by Mary Cox
“Part 17: The past dictates the future.”
A hell of a lot happened in the penultimate episode of Twin Peaks. Cooper has finally defeated Bad Coop with the help of our literal Hand of God character, Freddie. Naido is revealed to be the real Diane, who has an emotional reunion with our favorite FBI agent.
Here’s the thing: I’m still not convinced that anything that everything or anything this season has actually “happened.” When looking over how everything has gone down this season, and especially when we consider the superimposed face of Cooper as he says, “We live inside a dream,” directly to the audience, it seems like Lynch is kind of pulling a Mulholland Drive here. Everything has been too easy, or too convenient for these characters. Lynch is mocking our need for a cute and tied together ending with the scene at the Twin Peaks sheriff station where all our beloved characters, old and new, are uniting or reuniting at last.
Audrey’s appearance at the Roadhouse in last week’s episode, where the final scene was her appearing in an odd, white room, has still gone unexplained. There’s a considerable amount of unfinished business regarding the Fireman’s prophecy of “Richard and Linda, two birds, one stone,” which can only really
point to the mysterious electricity bolder that killed Richard Horne last episode.
Part of me thinks that Season 3 of Twin Peaks is a response to the demand for a continuation of the series. I’ve had this running theory that Lynch is critical of the concept of nostalgia, which is why Agent Cooper spent almost the entirety of this season as Dougie, and why the heart-warming Twin Peaks reunion scene was shadowed with doubt and unease. Lynch leaves us with the pinnacle of self-satisfied nostalgic rehashing as Cooper fulfills his ultimate goal of trying to save Laura Palmer herself.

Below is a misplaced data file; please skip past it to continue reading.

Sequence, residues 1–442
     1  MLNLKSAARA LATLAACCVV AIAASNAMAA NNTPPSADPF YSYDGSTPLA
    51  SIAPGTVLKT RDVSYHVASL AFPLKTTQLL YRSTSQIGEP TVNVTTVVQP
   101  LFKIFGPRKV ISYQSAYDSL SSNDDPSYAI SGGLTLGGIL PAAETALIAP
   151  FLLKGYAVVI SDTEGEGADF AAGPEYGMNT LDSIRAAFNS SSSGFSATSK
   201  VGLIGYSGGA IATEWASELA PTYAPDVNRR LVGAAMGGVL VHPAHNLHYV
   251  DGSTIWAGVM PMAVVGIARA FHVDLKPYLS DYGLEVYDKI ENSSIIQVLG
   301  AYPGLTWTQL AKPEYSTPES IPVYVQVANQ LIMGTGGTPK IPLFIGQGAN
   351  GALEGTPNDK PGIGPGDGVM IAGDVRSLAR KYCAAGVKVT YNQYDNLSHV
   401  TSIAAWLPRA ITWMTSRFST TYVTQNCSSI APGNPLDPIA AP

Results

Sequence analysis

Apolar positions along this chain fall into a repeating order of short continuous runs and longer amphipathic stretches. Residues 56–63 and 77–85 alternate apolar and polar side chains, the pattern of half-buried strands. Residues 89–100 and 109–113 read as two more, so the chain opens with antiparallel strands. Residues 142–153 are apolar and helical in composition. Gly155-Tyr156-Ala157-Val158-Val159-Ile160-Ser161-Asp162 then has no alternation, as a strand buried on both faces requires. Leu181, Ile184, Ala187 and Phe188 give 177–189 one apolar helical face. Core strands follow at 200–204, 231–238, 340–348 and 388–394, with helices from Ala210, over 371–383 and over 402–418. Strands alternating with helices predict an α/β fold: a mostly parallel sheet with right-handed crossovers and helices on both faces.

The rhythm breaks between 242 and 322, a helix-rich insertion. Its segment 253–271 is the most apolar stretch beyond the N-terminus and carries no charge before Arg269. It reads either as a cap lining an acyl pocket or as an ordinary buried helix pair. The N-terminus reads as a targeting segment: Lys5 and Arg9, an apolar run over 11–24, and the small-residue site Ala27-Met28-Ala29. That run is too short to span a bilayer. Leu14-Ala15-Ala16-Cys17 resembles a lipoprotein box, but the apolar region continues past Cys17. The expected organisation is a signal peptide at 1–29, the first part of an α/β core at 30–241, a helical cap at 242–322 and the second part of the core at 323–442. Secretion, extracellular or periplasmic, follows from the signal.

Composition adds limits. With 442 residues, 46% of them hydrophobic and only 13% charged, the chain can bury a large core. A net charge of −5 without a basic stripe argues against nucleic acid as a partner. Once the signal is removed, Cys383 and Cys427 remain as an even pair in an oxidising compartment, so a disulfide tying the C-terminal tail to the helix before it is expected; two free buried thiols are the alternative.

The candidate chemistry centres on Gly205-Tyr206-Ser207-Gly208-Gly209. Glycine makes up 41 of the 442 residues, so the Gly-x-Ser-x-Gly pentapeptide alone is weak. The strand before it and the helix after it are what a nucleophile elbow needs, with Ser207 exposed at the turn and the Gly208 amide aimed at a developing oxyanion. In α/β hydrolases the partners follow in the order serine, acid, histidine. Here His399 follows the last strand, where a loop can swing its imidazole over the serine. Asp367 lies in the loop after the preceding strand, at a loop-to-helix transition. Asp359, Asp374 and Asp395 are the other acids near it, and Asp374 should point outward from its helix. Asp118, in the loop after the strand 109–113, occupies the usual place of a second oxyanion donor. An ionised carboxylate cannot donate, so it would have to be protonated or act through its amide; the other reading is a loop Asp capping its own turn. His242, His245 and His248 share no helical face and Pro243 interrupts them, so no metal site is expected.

However, as revealed by Sarah Palmer’s outburst, Cooper isn’t the only agent in this game any more. Is Sarah actually possessed by the entity Judy? Are Judy and the Jumping Man one in the same? Where the hell is Audrey, and is any of this actually happening
“Mary Cox is an entertainment writer from the United States. Her hobbies include making good beer and bad decisions, watching drag queens fight on the internet, and overanalyzing everything. Mary one day hopes to be the person shouting “World Star” in the back of a Waffle House brawl video. She is currently tolerating life in Toronto. You can follow her on Twitter at @M_K_Cox”t